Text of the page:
Adam Gross

Defending the whole tablets – why broken tablets are not enough

Michael Wasserman (, please note there were two arks and two sets of tablets, one broken, one whole.

When I read Wasserman’s article, a few questions sprang to mind:

How can a country with no prior heritage produce the world’s leading whiskey?

How did a people with minimal agricultural experience for 2,000 years return to a land of swamp and desert and soon become the world leader for agricultural productivity?

How does a country that is subject to existential threat, subject to almost daily terrorist onslaught, subject to periodic rocket blitzes which confine a significant portion of the national population to bomb shelters for days on end, and subject to persistent yet still growing worldwide hatred and disproportionate singling out for condemnation by the ‘international community’, become the fourth happiest country in the world?

It seems to me we have two possible explanations.

We can take the view of national chauvinism and say, it is because we Jews just happen to be completely brilliant, and we just happen to have developed superior genetics, superior psychology, and/or superior systems (OECD completely disagrees with the latter, by the way, having completely slated the Israeli education system, just as one example).

Or we can say it is absolutely nothing at all to do with our brilliance (as Torah itself reminds us, we are the ‘least of all people’, ‘stiff-necked’ and ‘argumentative’) but much more to do with what I call ‘the shadow of Torah’, the fulfilment throughout the ages of prophecies made to our forefathers, realised on a rationalist and/or mystical basis, whichever way you lean:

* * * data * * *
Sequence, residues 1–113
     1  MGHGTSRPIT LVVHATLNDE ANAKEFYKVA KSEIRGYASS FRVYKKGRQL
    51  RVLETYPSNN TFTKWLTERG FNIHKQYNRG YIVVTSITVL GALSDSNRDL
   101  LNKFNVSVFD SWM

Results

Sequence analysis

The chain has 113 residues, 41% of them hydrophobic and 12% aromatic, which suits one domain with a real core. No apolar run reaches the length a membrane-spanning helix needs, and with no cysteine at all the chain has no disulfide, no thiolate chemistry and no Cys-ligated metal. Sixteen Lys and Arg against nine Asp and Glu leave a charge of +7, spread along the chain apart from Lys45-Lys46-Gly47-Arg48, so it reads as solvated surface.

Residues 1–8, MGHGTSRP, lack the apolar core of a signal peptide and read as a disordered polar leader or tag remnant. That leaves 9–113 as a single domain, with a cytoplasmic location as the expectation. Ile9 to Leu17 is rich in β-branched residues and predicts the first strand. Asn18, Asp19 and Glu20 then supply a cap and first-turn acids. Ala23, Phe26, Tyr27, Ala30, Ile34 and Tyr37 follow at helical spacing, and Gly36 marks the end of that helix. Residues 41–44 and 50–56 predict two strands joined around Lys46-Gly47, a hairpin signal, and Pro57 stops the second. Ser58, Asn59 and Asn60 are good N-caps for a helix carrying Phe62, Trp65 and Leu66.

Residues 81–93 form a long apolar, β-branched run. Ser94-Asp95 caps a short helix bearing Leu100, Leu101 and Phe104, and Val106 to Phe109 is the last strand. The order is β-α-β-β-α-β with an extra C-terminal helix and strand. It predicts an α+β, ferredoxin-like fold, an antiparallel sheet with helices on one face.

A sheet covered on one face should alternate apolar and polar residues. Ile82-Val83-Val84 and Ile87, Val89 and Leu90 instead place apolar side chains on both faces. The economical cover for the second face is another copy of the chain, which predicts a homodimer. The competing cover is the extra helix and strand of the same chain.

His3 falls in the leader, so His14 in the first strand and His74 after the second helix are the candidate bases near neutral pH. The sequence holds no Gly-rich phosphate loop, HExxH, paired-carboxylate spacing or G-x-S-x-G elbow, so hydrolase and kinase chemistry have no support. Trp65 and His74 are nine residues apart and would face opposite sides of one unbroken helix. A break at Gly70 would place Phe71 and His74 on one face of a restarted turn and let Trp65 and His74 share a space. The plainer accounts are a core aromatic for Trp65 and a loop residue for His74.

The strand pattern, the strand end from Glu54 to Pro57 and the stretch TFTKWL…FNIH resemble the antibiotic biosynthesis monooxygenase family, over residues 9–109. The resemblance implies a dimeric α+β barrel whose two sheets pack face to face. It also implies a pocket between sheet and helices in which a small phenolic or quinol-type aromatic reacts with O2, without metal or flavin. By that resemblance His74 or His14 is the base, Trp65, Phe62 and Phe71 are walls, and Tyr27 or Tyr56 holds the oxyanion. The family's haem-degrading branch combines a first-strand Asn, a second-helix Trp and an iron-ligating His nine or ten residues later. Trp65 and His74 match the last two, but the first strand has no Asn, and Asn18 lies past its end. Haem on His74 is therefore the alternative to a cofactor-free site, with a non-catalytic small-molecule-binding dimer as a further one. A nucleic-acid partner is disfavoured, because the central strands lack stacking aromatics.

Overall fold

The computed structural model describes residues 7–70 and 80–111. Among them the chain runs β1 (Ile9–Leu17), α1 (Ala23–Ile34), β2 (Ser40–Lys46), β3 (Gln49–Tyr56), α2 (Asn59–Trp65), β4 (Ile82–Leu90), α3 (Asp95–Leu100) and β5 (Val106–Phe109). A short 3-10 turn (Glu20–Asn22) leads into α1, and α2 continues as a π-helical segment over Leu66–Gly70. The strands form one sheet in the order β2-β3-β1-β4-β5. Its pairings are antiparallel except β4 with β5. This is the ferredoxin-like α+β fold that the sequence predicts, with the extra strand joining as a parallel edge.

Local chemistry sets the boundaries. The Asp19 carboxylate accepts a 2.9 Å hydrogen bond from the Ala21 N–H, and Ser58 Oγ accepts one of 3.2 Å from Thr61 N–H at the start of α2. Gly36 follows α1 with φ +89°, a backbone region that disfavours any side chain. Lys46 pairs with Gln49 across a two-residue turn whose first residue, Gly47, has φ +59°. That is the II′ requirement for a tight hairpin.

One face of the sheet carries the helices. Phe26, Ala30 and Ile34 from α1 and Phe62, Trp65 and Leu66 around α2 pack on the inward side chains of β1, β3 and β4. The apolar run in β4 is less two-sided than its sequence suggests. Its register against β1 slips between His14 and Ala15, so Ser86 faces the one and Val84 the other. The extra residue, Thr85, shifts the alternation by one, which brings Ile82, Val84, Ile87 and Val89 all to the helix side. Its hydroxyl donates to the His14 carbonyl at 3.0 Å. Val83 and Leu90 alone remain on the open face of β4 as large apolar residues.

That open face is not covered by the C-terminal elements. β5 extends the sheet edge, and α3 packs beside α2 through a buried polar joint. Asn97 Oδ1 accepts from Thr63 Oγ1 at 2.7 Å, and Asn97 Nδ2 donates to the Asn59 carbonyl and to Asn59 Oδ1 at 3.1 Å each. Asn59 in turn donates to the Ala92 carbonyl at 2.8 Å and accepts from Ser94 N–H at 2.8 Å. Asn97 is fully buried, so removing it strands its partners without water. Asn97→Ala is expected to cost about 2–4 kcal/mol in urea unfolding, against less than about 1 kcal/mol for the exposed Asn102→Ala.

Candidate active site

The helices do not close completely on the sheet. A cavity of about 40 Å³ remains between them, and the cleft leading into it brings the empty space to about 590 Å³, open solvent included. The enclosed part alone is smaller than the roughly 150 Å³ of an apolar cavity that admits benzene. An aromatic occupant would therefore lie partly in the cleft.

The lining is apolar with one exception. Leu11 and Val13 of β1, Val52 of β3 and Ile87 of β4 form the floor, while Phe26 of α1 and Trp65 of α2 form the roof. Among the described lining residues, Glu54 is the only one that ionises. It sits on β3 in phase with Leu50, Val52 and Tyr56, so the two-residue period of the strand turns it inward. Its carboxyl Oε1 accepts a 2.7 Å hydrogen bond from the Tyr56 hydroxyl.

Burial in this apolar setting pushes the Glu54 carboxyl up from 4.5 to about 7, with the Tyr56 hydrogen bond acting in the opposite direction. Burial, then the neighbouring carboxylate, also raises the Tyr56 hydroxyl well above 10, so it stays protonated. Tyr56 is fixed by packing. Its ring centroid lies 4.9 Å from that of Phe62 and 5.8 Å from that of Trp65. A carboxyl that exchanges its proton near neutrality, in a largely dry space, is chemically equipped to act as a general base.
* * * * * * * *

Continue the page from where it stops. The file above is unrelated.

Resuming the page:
Rationalist – the structures, thought processes and habits from millennia of Torah study and Mitzvot performance have created in-built instincts, capacities and values among today’s secular, as well as the religious, who are all branches from the same tree;

Mystical – Torah study and Mitzvot performance create the flow of blessing from heaven to earth.

Or the rationalist and mystical approaches are two ways of saying the same thing.

So yes, the broken tablets are important. For religious people like me, we should meditate on why many of the ancient prophecies seem to be being fulfilled today through secular Jews. This in turn may serve as a helpful reminder for us to have not just spiritual but in fact total humility, as Wasserman well notes, which is a supreme Torah value.

And yet the whole tablets are also essential. We should also meditate on how, across ‘the West’ (I hate that term), despite all the ‘blessings of democracy’, social decay, depression and family breakdown are so prevalent, while the birth rate has fallen in many of these countries below the national replacement rate. Why is that? And what makes Israel different?

There is only one answer – Torah. Let us not confuse epistemology (what we know) with ontology (what exists). Moshe is true and his Torah is true. And as the popular saying goes, use it or (G-d forbid) lose it…

About the Author
Adam Gross, an Oxford-educated strategist, has over 20 years' experience solving complex problems in the international arena for United Nations agencies, international financial institutions, private sector, NGOs and social enterprises across Europe, Africa and Asia. Adam made aliyah with his family in 2019 to live in northern Israel.
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